OK, I've been thinking about this issue for a long time, particularly since I went to a lecture at Bard College almost 10 years ago, given by Julia Butterfly Hill, the famous (some would say infamous) redwood tree-sitter. At the time I was not only using redwood, in spite of its toxicity, but I was using exotic hardwoods from Africa, South America, and Australia, some of which probably came from rain forests that would be better preserved, than cut down for pasture or woodworkers.
I could number out a list of all the top-ten drop-dead gorgeous bowls I have made from ill-gotten wood.... purpleheart, cocobolo, padauk, red mallee, coolibah, zebrawood, just getting started.... and lots of redwood... Was I truly evil? Look- it was easy to justify... doesn't art come first? Isn't using discarded sections of wood (as the wood I crave was exactly the wood that board-makers didn't want, the more complex, impossible-to-work, pieces) somehow a noble use of wood that, heck, the tree had already been cut down, right? Wasn't I preserving for all time the very special spirit of each complex section of an individual tree, its very soul, if you will? Shouldn't my work be applauded? Wasn't my higher use more justified than the lower uses- boards, for example?
Well, I kept on deceiving myself for a good long time and my work was praised by almost all who saw it, with little thought of where it came from and whether the "maker" was being ethical, or not. Gee, there I was on the Martha Stewart Show, with Padauk and zebrawood, and cocobolo, all no doubt somewhat questionable endangered species in a sense, and on the same Show was a fellow espousing preservation and displaying various animals and amphibians who were currently threatened?
He must have hated me.
I began to loath myself. The hypocrisy of it all !! What a crock !! YesYesYes, it's beautiful, it's gorgeous, it's wonderful, it's unique, it's indescribable, it's..... sometimes perfect.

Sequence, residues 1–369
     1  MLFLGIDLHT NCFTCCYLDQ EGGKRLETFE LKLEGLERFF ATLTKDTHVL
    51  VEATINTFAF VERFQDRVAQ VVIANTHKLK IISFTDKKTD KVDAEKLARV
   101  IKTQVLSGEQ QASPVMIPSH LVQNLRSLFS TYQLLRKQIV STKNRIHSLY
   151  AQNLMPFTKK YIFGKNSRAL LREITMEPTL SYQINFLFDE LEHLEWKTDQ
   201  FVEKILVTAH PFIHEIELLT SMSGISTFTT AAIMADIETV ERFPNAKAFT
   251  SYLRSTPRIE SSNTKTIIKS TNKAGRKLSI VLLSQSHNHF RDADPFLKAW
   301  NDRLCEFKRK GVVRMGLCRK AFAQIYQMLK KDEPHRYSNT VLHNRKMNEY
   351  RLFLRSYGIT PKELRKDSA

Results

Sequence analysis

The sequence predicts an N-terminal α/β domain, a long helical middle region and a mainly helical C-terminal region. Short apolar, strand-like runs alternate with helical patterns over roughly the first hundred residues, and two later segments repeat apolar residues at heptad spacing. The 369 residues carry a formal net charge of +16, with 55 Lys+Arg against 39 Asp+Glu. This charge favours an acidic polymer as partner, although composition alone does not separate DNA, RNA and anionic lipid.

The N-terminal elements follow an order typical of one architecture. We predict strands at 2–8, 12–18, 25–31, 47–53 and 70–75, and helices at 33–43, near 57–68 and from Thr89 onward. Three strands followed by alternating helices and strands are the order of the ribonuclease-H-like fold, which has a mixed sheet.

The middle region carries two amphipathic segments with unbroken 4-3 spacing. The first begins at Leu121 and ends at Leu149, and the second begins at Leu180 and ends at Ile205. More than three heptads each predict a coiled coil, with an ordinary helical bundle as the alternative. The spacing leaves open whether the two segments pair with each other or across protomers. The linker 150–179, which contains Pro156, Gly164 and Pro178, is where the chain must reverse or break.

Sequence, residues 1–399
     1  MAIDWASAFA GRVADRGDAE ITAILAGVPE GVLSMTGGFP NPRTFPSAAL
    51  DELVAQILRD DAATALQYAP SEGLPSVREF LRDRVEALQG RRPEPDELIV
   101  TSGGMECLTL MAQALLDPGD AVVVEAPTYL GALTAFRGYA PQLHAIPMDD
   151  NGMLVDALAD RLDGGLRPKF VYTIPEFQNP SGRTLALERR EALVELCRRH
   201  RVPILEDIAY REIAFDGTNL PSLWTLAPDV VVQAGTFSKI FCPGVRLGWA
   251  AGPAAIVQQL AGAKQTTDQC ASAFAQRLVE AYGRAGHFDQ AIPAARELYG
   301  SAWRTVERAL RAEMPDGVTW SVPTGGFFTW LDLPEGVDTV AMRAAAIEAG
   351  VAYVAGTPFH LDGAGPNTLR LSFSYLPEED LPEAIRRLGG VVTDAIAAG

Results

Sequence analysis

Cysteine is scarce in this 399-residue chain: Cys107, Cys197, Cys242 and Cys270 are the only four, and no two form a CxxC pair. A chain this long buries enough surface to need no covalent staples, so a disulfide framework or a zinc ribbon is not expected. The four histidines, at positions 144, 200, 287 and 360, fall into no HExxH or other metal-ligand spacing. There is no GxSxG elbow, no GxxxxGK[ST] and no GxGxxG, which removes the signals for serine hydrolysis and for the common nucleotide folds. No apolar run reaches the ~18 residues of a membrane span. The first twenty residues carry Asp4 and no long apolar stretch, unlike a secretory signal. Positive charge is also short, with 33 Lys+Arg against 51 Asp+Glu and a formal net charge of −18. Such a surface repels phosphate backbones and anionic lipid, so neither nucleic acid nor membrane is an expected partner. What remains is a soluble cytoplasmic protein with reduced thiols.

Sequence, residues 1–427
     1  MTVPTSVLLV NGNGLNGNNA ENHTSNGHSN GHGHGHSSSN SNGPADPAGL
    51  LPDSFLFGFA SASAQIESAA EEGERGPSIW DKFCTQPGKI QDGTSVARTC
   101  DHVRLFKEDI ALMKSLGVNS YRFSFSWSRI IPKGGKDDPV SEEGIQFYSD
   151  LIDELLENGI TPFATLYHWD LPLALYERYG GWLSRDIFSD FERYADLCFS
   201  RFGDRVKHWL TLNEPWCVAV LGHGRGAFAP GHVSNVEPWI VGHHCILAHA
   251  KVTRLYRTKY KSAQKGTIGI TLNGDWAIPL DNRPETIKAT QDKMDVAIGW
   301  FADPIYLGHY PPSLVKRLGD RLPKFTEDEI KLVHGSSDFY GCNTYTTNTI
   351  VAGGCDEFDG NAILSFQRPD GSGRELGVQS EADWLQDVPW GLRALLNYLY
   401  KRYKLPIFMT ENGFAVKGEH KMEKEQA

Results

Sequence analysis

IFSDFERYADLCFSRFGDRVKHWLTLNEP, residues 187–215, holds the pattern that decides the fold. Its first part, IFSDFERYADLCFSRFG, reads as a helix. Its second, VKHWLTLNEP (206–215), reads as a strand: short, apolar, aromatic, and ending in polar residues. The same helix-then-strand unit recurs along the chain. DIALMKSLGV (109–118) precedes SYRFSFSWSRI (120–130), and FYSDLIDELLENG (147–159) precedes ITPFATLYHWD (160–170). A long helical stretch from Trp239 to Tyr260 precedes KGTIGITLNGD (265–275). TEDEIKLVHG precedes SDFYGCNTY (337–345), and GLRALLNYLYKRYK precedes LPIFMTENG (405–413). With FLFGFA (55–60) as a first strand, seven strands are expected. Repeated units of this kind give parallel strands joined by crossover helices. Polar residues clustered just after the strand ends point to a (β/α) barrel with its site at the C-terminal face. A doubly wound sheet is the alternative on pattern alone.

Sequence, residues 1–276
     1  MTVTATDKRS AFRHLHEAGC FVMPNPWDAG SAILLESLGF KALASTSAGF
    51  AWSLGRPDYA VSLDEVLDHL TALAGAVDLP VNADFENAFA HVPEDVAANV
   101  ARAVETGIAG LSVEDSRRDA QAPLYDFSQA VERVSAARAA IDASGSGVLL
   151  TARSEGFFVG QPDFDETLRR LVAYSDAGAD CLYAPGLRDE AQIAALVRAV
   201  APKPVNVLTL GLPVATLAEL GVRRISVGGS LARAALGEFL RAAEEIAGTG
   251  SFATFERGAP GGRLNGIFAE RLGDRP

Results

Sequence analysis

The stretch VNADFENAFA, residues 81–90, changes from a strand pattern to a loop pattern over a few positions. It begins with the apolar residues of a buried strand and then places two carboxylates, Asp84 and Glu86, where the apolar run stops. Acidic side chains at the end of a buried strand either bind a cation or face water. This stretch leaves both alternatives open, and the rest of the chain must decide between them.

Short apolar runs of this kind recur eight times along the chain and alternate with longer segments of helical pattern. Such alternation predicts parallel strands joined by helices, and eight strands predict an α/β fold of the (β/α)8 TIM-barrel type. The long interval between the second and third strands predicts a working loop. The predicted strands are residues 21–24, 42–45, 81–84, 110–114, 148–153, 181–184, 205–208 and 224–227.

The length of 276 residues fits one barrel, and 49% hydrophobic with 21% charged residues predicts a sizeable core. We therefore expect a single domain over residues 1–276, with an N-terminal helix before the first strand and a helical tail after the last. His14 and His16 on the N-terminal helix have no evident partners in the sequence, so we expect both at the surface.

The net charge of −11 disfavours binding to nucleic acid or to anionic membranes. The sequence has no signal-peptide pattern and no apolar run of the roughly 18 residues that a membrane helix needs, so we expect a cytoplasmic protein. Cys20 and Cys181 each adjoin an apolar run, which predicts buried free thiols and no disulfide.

But, it's evil to use exotic foreign woods. Sorry, you friends who supported my work and obtained my work, or sold me blocks of (name a great foreign hardwood- I bought it...).
So I couldn't do it any more. It's not that I suddenly made a decision to become "pure".... I also got tired of getting blocks of great wood that I paid good money for, and then have them check or split and become unusable because they had been badly seasoned or not seasoned at all. And heavy waxing really didn't crack it for me. Hey, isn't there an abundance of fabulous North American hardwoods? Didn't I start OUT with cherrycherrycherry and more cherry, and isn't cherrywood as gorgeous as any other wood in the world? Sure it is.
So is deeply-rayed and complex Western bigleaf maple.
But I admit to being a hypocrite and easy-outter... What really happened is my younger brother shipped me around 42 blocks of bigleaf maple... and at the same time, I had already tried most of the foreign woods, so my curiosity had been largely satisfied. It was easy to quit, and cold turkey, too.
That still leaves the redwood issue. I love Julia Butterfly Hill, even though I only heard her once.
How could anyone not admire to the Nth degree, someone who had devoted so much energy and time to a cause greater than herself? Why did I betray her? Would I continue to betray her in the name of my own art and self-interest? Would I draw a line in the deep soil surrounding the redwood forests and declare "I shall not use redwood..."? Even though redwood is really really toxic (to your lungs, your skin... there is no coincidence that it repells water, and insects, perhaps even fire...) I loved working with redwood.